What will it take to make patients feel safe and comfortable again?
As the COVID-19 pandemic forced widespread adoption of social distancing and shelter-at-home norms, it has also heightened public anxiety about visiting healthcare facilities. An American College of Emergency Physicians poll found that 70% of consumers say they are very or somewhat concerned about contracting the coronavirus if they go to facilities to receive care for issues not related to COVID-19, and 29% of U.S. adults said they have delayed or avoided seeking medical care, citing fears of exposure to the virus.
Worry is increasing among healthcare professionals about patient fears keeping even people with serious medical issues from seeking care. According to a Gallup poll, people with serious medical conditions such as diabetes, heart disease, and hypertension express especially high concern-80% or more say they are “very concerned” or “moderately concerned”-about their risk of COVID-19 exposure at medical offices.
This anxiety is not limited to hospital and emergency department visits, but is impacting outpatient care as well. Outpatient visits were down 60% from mid-March to mid-April according to research from Harvard University and healthcare technology company Phreesia.
The statistics are daunting, so what will it take to make patients feel safe and comfortable again?
While much of this outpatient visit decline is attributable to cancellations and deferments of elective procedures and preventative visits, facilities resuming services need to start immediately amplifying awareness of the precautions they are taking to reassure patients and keep them safe. Education and transparency will be key to easing patient anxiety and reconnecting them with the care they need.
Outpatient care facilities will need to tailor internal and external communication around the steps they are taking to safeguard patients and staff. This messaging should focus on the wide range of safety measures they are implementing to deliver the highest quality of care in the safest possible environment. For example, healthcare system Health First is taking measures that include everything from limiting visitors, to increasing adoption of virtual services, to universal masking policies.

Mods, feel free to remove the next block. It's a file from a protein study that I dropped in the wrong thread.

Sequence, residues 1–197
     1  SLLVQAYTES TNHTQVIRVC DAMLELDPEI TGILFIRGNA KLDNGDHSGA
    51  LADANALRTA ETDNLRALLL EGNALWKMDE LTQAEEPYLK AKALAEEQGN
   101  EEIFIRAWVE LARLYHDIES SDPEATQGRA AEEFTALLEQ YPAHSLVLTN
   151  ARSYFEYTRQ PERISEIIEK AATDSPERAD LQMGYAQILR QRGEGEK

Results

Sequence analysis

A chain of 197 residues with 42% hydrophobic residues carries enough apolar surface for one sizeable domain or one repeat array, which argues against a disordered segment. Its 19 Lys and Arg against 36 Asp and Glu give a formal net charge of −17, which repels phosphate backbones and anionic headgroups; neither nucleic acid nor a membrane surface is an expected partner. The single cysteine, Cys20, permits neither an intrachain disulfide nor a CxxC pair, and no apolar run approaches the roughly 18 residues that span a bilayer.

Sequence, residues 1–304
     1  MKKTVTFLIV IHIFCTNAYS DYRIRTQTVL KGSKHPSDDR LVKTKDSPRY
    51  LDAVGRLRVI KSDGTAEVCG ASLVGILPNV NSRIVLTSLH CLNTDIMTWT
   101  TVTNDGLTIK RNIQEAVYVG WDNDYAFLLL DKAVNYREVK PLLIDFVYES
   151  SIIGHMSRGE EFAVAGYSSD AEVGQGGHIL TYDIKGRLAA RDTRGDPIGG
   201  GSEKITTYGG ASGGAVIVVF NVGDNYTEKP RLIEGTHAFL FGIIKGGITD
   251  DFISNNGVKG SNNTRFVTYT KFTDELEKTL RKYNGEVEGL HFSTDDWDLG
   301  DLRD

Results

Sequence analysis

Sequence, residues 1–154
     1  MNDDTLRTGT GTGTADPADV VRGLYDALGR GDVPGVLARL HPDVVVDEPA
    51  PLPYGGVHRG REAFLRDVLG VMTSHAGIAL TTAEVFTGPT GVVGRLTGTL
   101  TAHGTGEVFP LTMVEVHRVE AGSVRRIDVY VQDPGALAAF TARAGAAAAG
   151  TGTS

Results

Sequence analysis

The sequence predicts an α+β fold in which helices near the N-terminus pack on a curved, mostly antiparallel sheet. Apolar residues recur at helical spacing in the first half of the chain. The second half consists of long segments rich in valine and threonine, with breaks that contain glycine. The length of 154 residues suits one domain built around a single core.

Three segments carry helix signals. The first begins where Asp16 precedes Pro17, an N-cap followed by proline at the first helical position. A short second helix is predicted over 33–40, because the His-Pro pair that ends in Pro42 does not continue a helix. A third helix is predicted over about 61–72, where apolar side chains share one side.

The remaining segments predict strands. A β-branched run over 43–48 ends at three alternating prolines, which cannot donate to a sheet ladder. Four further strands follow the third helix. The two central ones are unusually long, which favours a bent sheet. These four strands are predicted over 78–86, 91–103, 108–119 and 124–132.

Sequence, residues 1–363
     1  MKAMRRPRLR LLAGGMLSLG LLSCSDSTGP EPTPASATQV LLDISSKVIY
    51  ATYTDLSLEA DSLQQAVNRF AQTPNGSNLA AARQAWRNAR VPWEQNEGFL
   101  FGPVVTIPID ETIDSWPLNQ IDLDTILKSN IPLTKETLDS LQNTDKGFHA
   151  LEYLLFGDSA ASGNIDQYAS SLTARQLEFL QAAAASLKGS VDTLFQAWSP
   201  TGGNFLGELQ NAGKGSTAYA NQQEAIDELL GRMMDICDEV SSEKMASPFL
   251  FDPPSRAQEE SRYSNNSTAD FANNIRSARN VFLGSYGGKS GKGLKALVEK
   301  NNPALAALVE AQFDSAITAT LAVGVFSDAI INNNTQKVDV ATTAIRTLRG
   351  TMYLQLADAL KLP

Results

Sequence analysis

Outpatient facilities should also ramp up education efforts around the extensive disinfection protocols they follow to safeguard patients and staff. In high-traffic areas such as waiting rooms, protocols should include having all employees wear Personal Protective Equipment (PPE), ensuring the area is adequately ventilated, high-touch surfaces such as door handles, armchairs and counters are regularly sanitized, and hazard signs are displayed.
A typical cleaning process begins with a seven-step standard operating procedure to ensure high-quality cleaning and disinfecting. However, during times when a contagious virus such as COVID-19 is prevalent, standards are increased to conduct what is called a terminal clean.
The terminal clean process is conducted in addition to standard cleaning and is carried out every night when facilities are closed. The meticulous procedure looks like this:
Outpatient facilities should also highlight other efforts they are implementing to ensure patient safety. Measures that help with safety and can reassure patients might include screening visitors for temperature and symptoms before entering, removing magazines and toys from waiting rooms, and redesigning waiting rooms to comply with social distancing. Facilities can also give patients the option to wait in their car and text them when an exam room is ready.
As “Opening Up America Again” guidelines allow outpatient facilities to resume services, addressing patient fears and making them feel safe will be a significant challenge. Healthcare professionals can and should reassure patients by educating them about the sanitizing, disinfecting and sterilization processes that have been and always will be among the core competencies for their daily routines.
These educational efforts will help instill the confidence needed to reduce fears of visiting healthcare facilities during and after this unprecedented crisis. Educating patients and their loved ones about safety procedures and policies will also be critical to getting patients scheduled for necessary procedures that were previously delayed.
The safety measures care providers have put in place are extensive – and it is important patients know that. Making the public aware of these and the many other ways facilities work to provide safe, accessible care can help ease fears and reconnect patients to healthcare.
Barile is infectious disease medical director for Health First